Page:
World Cup Live Stream Watch France vs South Korea and the opening

first_imgBBC iPlayer | iOSBBC iPlayer | AndroidBBC iPlayer | Web We’d also like to send you special offers and news just by email from other carefully selected companies we think you might like. Your personal details will not be shared with those companies – we send the emails and you can unsubscribe at any time. Please tick here if you are happy to receive these messages.By submitting your information, you agree to the Terms & Conditions and Privacy & Cookies Policy. Show More Unlike other sites, we thoroughly review everything we recommend, using industry standard tests to evaluate products. We’ll always tell you what we find. We may get a commission if you buy via our price links.Tell us what you think – email the Editor France vs South Korea Live Stream: Watch the match online for freeTo watch France vs South Korea online, all you need to do is fire up BBC iPlayer, which doesn’t cost a penny if you’ve got a valid UK TV license.Related: What is VAR?There are iPlayer apps available for virtually every modern platform and device. Below are some of the most popular to help you on your way. Hotspot Shield VPNFrom £2.99/month & 45 day money-back guaranteeVPN for streaming, browsing, social media, gaming, and file sharing.Offers security, privacy and the ability to stream your favourite TV from abroadSave 77%|£107.64/ 3 yearsView Deal£107.64/ 3 years|Save 77% The World Cup 2019 is finally here, and this month of football kicks off with favourites France testing their home advantage against South Korea. Then we’ve got an entire month of football to expect from just across the channel and there’s a lot to be excited about as just behind slight favourites France and the United States for the World Cup trophy, there’s England, ranked third in the world and looking likely at this early stage to bring a trophy home.It’ll also be the first time the women’s World Cup (which we’ll call the World Cup moving forwards because it’s 2019) has used VAR Argos TV DealsSamsung 55MU6120 55 Inch 4K UHD Smart TV with HDR | Now £499, save £50Grab this Samsung 4K Ultra HD HDR TV, perfect for the World Cup. Now selling for Argos’ lowest ever price.£499.00View dealcenter_img BBC have acquired the rights to the games in the UK and BBC Sport will have coverage of every single World Cup match across TV, radio, and their Red Button. The first match will be live on BBC One, live from Paris. If you’re hoping to wait until England play, that’s taking place on Sunday, also live on BBC One.Related: Amazon Spring Sale BargainsIt should be a great tournament, and while England’s mens team gave a decent account of themselves back in 2018, it’s great to go into a tournament with the expectation that we might actually win something.Of course, I’m a West Ham United fan, and as all West Ham United fans can tell you, hope is dangerous and often leads to bitter disappointment. Best World Cup TV DealsPhilips TV 55PUS6753 6753 55 Inch 4K Ultra HD A+ Smart LED TV 3 HDMILooking for an affordable 55-inch set that can also add a splash of colour to the match? Check no further than the Philips Ambilight TV, now going for a sure cheap price on AO’s eBay store.AO (via eBay)|Save £120|Now £429.00View DealNow £429.00|Save £120|AO (via eBay) This site is protected by reCAPTCHA and the Google Privacy Policy and Terms of Service apply. Sign up for the Mobile NewsletterSign Up Please keep me up to date with special offers and news from Goodtoknow and other brands operated by TI Media Limited via email. You can unsubscribe at any time.last_img read more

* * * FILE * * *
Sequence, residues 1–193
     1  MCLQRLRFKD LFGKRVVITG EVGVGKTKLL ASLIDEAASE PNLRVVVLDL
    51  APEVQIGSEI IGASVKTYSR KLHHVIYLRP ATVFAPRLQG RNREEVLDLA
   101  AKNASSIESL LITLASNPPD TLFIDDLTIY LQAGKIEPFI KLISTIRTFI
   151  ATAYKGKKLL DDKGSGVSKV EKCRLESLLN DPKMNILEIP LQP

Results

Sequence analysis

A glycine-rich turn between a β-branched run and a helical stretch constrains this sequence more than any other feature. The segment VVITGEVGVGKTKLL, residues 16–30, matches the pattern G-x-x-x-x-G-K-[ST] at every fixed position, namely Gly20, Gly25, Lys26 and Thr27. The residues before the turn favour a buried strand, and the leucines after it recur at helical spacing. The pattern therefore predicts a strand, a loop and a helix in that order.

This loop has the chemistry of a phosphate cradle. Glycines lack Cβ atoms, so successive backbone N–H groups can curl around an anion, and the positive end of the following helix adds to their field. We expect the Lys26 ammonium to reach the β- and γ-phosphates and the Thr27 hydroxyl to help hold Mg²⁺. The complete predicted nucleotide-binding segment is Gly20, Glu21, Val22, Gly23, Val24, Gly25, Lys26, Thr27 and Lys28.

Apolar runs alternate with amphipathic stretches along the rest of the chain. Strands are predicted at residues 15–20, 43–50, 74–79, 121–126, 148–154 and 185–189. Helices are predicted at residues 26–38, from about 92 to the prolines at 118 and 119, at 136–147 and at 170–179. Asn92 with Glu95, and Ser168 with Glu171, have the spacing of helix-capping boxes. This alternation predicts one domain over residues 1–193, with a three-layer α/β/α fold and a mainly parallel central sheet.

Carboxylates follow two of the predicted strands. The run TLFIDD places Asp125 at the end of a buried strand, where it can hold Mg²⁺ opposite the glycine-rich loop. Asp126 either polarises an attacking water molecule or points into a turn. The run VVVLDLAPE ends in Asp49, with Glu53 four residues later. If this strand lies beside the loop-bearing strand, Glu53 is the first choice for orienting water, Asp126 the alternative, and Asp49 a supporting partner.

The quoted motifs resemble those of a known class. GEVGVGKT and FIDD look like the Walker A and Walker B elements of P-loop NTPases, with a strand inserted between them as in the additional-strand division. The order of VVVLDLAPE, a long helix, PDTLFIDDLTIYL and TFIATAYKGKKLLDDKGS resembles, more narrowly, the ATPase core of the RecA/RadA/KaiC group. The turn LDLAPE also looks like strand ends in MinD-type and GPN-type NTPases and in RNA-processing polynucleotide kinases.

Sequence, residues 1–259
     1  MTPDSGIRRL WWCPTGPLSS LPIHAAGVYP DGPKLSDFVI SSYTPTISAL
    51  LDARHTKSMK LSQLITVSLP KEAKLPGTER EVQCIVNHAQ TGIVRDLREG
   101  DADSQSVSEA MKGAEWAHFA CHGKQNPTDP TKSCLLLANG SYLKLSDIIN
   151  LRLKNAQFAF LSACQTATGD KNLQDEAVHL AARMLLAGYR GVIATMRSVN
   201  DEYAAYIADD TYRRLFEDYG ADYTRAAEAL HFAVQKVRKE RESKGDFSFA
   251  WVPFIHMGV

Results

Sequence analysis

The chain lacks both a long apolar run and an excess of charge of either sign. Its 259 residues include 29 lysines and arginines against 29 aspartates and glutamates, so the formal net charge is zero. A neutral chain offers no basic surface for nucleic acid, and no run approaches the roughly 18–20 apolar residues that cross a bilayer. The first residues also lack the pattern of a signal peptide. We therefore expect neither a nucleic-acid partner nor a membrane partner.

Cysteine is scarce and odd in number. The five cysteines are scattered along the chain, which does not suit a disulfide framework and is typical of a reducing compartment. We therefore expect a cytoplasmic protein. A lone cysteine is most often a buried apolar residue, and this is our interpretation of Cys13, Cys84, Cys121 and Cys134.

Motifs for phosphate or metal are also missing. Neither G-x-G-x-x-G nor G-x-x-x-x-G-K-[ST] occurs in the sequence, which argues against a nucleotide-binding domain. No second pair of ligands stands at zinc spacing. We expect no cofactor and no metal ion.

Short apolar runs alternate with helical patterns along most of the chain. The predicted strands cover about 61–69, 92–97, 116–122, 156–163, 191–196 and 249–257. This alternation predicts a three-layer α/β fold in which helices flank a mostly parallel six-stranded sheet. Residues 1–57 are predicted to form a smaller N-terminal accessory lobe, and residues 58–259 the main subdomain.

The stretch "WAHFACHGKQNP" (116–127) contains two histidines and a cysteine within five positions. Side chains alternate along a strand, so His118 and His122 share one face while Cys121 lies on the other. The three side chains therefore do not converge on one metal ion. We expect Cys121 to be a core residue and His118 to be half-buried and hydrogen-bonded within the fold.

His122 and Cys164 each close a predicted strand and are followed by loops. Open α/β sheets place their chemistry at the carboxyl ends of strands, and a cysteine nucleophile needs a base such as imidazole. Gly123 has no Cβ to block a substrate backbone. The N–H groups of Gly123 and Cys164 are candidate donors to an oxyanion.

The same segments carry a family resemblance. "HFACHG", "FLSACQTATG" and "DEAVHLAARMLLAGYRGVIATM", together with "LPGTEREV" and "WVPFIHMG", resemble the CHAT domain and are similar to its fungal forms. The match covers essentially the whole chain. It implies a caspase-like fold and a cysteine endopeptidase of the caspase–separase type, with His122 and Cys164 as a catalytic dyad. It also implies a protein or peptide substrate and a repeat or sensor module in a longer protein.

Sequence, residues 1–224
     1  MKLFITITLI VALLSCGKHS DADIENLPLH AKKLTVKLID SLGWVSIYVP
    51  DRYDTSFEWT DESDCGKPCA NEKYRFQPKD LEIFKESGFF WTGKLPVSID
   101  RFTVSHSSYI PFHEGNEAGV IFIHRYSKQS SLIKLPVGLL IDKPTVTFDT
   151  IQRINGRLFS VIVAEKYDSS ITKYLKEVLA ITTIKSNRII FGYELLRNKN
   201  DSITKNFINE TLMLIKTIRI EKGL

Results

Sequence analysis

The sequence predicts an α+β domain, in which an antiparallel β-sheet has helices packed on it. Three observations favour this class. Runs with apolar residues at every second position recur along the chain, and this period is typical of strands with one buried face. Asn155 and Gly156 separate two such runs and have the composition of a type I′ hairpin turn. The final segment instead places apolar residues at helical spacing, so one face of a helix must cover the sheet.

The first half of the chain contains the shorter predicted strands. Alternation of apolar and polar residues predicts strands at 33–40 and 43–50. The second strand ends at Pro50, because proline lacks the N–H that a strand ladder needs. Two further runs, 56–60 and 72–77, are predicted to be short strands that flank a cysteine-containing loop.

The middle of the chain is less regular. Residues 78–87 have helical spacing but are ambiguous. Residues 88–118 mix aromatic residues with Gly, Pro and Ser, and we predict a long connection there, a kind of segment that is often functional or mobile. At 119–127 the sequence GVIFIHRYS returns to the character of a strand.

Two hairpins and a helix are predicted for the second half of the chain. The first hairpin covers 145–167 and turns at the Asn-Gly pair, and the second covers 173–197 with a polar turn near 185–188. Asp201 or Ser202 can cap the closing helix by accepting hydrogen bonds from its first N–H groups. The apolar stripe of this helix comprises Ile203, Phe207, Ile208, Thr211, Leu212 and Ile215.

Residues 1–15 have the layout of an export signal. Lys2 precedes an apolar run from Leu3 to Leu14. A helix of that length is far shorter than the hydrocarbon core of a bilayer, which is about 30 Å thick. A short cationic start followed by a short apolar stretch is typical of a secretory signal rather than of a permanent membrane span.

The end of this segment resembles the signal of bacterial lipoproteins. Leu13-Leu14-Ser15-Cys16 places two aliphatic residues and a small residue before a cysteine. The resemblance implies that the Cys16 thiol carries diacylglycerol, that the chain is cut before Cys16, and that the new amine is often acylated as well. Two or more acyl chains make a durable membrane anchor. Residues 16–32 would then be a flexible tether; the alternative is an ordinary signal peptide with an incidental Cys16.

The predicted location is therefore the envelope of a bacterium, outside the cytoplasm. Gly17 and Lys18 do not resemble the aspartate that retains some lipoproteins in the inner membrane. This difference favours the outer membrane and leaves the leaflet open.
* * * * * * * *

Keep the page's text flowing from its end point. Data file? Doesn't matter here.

Google Home Offer Save £30 in the Currys Black Tag Sale